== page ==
Fixing Our Health Care System
“American health care costs too much, does too little, and leaves too many people out.” -Anne J., Health Care for All Minnesota
You’ve heard it said, our health care system is broken, but how and why is it broken? As a person who has several times faced the challenge of being uninsured and as a result could not always afford to access the health care system, I spent a lot of time researching the problems with and the good things about our system.
Recently I attend a presentation by Health Care for All Minnesota and have used their slides and my own findings below to talk about what works and what is not working about our health care system.
There is no doubt that the United States, far from being a leader, is far behind other countries in how we provide health care (remember these other countries have a variety of systems).
What is right about our system!
The health care system in the United States is more efficiently run than many other systems world-wide. This is not because of the free-market system but because over the years in attempt to lower health care costs, we have reduce redundancies in treatments. In addition, American’s do not over use the system. We actually go to the doctor far less often than in other countries.
Why the Health Care Market has Failed
Our health care system has failed as a market-based system. Consumers have largely lost their voice in the health care process. A recent comment made by this health care user exemplifies this issue:
“In reaching out to my provider to understand my liability for a procedure I needed to have, the provider was unable to tell me what my cost would be. I couldn’t even find out an estimate of how much I would owe.”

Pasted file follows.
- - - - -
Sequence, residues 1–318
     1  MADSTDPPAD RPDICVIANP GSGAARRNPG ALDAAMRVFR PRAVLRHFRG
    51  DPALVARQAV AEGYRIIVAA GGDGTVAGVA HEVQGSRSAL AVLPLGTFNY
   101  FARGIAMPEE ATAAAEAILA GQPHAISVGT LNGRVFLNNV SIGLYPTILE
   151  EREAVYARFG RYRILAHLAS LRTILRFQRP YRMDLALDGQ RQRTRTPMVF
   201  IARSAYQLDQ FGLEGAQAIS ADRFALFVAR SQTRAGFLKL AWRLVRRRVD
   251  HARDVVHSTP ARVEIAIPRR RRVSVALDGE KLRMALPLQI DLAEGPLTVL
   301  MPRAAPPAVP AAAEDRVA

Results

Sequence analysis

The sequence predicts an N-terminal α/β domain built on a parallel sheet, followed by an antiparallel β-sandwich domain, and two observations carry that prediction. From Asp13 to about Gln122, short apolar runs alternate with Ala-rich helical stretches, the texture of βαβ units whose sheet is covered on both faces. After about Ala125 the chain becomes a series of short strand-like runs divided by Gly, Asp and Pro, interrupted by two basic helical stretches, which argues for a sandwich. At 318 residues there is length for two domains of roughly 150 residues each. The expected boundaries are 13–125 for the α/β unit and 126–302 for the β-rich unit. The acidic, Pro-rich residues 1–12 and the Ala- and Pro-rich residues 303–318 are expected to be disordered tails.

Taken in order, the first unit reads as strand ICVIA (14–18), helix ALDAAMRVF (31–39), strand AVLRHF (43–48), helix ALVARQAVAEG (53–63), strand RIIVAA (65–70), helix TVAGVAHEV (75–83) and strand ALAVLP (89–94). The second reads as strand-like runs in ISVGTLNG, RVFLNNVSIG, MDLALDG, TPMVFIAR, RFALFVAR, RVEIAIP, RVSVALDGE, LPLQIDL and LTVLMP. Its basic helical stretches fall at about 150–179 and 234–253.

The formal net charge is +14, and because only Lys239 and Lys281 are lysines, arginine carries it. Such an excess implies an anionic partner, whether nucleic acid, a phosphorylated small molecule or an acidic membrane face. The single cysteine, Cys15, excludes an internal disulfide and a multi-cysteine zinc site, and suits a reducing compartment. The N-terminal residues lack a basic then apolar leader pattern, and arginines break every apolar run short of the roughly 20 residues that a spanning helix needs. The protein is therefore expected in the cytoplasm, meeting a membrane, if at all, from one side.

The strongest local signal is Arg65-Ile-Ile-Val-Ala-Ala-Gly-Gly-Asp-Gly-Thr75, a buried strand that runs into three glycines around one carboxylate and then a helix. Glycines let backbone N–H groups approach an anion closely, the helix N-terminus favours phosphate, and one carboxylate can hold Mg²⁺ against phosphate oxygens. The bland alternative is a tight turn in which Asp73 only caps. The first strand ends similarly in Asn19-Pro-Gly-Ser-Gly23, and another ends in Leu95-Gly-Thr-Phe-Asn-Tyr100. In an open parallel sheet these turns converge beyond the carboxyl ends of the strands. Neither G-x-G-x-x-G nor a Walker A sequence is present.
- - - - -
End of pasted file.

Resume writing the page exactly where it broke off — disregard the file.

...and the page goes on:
It seems as though the profit motive has run wild in our health care industry.
What Are the Outcomes of This Expensive and Unattainable System?
It also leaves out individuals with pre-existing conditions, which can vary widely. Right before the Affordable Care Act was enacted, the small non-profit I worked decided to provide me with health insurance. Before this I had been receiving my health insurance from Minnesota Care. However, because I was the only employee the health insurance was provided as an individual plan and although I lost MN Care insurance, I could not find a plan that would take me. The would not insure me because I had a pre-existing condition. You may wonder what my condition was? I was aging into menopause and was dealing with some minor complications, however because I was considered a high risk for a hysterectomy (which I never had) the insurance company would not insure me. The reality is, anyone, even a person with no chronic illness, can be considered to have a pre-existing condition. Indeed, aging automatically makes us all susceptible to having a pre-existing condition.
Even more disturbing, individuals who do have medical conditions are dying because they cannot access care.
“When Alec Smith turned 26 last May and aged out of his parents’ health insurance, he discovered that he couldn’t afford coverage of his own. Within weeks, he was trying to ration his diabetes medication because he couldn’t afford a $1,300 refill.”
Fine. We have a Problem. But Won’t Fixing the Problem Be Expensive?
Many people fear that if a new health care system is enacted, the cost to tax payers will sky rocket. The truth is that tax payers already assume the burden of almost 50% of health care costs. Changing our health care system to eliminate the costly administrative burden will most likely save taxpayers money.
What Can Be Done
Based on the research being done by many qualified authorities, I believe a solution to our health care failure is at hand. Affordable and reliable health care for all is a possibility. This could be achieved by moving to a single payer insurance system, such as the Medicare for All or MinnesotaCare for All proposals outlined below.
It is governments responsibility to ensure stable, functioning systems for all our community members. Without stable systems we will decline into chaos. Abraham Lincoln said this well: